Humboldt council looks at tax hike



August 4, 2015 - 12:00 AM

HUMBOLDT — Though couched in a bit of reluctance, Humboldt council members Monday evening approved for publication a 2016 budget that includes a levy increase of 2 mills, compared to this year.
Saying she was concerned about raising the levy, with fear it would be a deterrent for people who might consider moving to Humboldt, Vada Aikins allowed, “but we have to keep the town up and going.” She encouraged City Administrator Cole Herder to “try to hold expenses to less than is budgeted, so we can put money in reserves, which we desperately need to do.”
Herder said he visited regularly with department heads about keeping expenses to a minimum and had put some upgrades in an elective category, even held off on some.
The levy stands at 85.519 mills, exactly 2 more than 2015’s. A public hearing will be Aug. 17 at 7 p.m. in city hall. The budget’s projected expenses and levy could be altered then.
Herder did the math to show what the increase meant to typical homeowners. The 2 additional mills will increase annual taxes going Humboldt’s way for owner of a $100,000 home by $23 to $983.47; for a $50,000 the increase will be $11.50 to $491.73.
The additional 2 mills were included to help build reserves for water tower maintenance. That fund contains $51,975; 2 mills would add $14,380, based on the city’s assessed valuation of just under $7.2 million.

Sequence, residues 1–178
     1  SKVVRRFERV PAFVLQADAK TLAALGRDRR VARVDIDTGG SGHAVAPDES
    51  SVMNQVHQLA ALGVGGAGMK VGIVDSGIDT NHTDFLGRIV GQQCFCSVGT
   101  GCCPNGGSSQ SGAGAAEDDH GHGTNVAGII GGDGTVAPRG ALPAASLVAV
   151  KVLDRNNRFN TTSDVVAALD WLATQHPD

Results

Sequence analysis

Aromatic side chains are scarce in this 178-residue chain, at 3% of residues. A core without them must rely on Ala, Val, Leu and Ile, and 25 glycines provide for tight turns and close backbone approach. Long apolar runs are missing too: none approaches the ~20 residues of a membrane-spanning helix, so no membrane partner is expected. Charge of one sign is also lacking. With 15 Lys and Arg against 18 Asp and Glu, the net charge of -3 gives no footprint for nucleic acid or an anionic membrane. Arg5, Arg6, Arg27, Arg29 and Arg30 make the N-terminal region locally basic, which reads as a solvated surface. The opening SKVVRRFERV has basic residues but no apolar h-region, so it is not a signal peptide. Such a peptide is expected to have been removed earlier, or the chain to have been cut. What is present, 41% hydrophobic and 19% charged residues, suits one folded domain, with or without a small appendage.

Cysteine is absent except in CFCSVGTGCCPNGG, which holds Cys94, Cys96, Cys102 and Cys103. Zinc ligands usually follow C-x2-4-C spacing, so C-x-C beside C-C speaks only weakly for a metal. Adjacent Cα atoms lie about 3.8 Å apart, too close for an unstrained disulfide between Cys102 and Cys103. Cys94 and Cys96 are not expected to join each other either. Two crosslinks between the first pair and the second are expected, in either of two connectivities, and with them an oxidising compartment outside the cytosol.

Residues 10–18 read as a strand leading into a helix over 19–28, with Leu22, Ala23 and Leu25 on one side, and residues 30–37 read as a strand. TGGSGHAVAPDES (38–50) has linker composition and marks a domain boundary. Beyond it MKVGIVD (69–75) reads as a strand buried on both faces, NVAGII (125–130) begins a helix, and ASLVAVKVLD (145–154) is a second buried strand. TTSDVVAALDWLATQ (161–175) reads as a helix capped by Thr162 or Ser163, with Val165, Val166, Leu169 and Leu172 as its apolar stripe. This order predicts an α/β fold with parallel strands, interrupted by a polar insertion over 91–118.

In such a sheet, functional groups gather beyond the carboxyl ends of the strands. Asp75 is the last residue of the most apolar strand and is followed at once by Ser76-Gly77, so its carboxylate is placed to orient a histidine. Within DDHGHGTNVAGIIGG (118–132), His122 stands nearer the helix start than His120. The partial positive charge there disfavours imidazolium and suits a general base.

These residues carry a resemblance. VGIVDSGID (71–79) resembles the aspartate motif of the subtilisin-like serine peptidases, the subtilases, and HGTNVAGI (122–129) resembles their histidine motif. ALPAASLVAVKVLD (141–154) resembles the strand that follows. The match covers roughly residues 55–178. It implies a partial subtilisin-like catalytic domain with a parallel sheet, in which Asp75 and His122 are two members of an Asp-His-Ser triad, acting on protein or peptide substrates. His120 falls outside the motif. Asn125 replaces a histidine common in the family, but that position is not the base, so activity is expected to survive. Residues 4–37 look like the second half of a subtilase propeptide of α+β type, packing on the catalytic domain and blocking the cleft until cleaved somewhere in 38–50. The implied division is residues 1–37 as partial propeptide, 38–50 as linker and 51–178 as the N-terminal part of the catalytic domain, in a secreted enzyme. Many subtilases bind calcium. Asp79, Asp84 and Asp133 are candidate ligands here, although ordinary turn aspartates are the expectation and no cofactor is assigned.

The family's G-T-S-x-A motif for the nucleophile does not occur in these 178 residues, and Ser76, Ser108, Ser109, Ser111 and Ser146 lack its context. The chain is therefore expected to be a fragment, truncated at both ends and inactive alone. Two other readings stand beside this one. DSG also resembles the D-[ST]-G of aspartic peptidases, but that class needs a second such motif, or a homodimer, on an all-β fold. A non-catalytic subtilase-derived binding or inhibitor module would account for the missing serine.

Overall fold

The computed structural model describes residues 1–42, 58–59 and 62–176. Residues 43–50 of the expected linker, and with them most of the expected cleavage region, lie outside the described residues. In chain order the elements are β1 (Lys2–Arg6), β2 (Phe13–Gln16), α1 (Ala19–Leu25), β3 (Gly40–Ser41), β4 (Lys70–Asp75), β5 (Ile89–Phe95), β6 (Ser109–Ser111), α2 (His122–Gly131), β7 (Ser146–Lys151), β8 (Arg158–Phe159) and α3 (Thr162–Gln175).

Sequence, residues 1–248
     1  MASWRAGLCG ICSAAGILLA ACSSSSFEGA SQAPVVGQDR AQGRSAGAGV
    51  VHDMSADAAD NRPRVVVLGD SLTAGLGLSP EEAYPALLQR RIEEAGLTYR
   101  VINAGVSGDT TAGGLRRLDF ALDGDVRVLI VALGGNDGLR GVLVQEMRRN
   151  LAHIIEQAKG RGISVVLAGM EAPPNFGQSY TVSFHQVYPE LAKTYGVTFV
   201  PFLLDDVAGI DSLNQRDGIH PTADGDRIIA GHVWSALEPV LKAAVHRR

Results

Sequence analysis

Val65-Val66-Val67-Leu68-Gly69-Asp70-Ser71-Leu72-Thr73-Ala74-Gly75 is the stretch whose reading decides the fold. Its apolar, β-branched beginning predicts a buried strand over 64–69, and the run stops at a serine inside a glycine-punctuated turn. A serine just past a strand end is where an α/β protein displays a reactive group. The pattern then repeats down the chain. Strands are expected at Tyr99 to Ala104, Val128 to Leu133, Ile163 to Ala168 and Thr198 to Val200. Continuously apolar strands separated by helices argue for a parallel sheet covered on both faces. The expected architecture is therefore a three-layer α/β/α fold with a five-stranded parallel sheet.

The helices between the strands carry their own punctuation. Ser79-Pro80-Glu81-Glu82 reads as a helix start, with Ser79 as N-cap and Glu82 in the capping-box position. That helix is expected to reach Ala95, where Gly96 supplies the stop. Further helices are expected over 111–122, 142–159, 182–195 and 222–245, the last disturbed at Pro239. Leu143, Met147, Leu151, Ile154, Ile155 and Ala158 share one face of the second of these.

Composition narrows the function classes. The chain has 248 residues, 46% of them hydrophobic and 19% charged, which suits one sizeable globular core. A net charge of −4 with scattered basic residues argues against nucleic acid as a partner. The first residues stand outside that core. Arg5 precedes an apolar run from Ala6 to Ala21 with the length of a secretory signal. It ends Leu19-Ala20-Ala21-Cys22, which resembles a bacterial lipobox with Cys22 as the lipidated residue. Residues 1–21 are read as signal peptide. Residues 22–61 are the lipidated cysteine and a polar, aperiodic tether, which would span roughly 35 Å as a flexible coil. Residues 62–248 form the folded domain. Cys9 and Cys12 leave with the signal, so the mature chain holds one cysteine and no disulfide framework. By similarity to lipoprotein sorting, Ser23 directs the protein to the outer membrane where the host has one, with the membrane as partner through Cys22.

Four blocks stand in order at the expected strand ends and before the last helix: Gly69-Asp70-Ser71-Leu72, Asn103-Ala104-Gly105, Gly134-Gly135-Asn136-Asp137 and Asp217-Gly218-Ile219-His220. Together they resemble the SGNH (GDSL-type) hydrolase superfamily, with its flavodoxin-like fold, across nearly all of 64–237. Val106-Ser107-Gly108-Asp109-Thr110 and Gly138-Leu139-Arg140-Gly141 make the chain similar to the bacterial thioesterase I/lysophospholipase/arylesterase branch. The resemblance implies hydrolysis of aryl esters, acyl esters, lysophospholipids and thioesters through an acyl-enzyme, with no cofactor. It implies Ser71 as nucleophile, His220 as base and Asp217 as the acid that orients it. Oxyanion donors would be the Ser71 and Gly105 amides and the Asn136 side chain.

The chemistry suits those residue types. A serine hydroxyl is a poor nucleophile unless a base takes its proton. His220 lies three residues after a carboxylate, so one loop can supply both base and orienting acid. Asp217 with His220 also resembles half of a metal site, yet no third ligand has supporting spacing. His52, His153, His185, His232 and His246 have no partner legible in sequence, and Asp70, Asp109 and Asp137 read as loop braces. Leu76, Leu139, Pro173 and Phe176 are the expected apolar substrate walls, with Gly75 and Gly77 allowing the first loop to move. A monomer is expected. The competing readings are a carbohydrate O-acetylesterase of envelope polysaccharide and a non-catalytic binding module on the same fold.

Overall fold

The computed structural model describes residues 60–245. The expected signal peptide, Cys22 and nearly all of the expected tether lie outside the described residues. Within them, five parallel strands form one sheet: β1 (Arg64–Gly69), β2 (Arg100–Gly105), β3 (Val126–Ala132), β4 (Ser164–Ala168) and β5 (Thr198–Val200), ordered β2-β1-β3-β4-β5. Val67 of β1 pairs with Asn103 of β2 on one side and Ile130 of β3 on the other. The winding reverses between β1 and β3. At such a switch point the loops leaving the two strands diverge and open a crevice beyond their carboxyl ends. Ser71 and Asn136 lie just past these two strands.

A burden the budget bears is repayment of bonds, loans and lease purchase agreements that built up over the years when council members deemed annual revenue insufficient to deal with a variety of needs.
Going into 2016, Humboldt’s indebtedness will be $3,668,896, or just a smidgen less than 2016’s projected expenditures of $3,685,713.
“I don’t want to borrow any more money,” Herder said, and bemoaned the realities of indebtedness, including one loan with an annual payment of $11,000 with $4,000 going to principal and $7,000 to interest. Annual debt service is $346,200, with much of it to do with utilities and with revenue to meet obligations coming from those sources.
Of next year’s total expenditures of $3.68 million, $1.22 million will be for general operations of the city, most of the remainder is found in utility funds.

IN THE ONLY other business council members agreed to have Mayer Specialty Services do video inspection of sewer lines. Cost will be $127,257, which is part of an extensive $200,000 review of the city’s sewer system that will lead to maintenance and upgrades.
BG Consultants, Inc., Emporia, is overseeing the project, made possible by a low-interest loan from the Kansas Department of Health and Environment that will be repaid from Sewer Department revenue.
The meeting was called specifically to discuss the budget and sewer work, meaning no other topic could have been brought before the council. None was.

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